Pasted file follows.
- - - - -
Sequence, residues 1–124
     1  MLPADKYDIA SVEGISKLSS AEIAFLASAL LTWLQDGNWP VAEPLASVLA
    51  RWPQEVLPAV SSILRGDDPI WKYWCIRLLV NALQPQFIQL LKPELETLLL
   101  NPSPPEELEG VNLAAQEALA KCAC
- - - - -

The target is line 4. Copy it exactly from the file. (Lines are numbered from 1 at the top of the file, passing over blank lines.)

   101  NPSPPEELEG VNLAAQEALA KCAC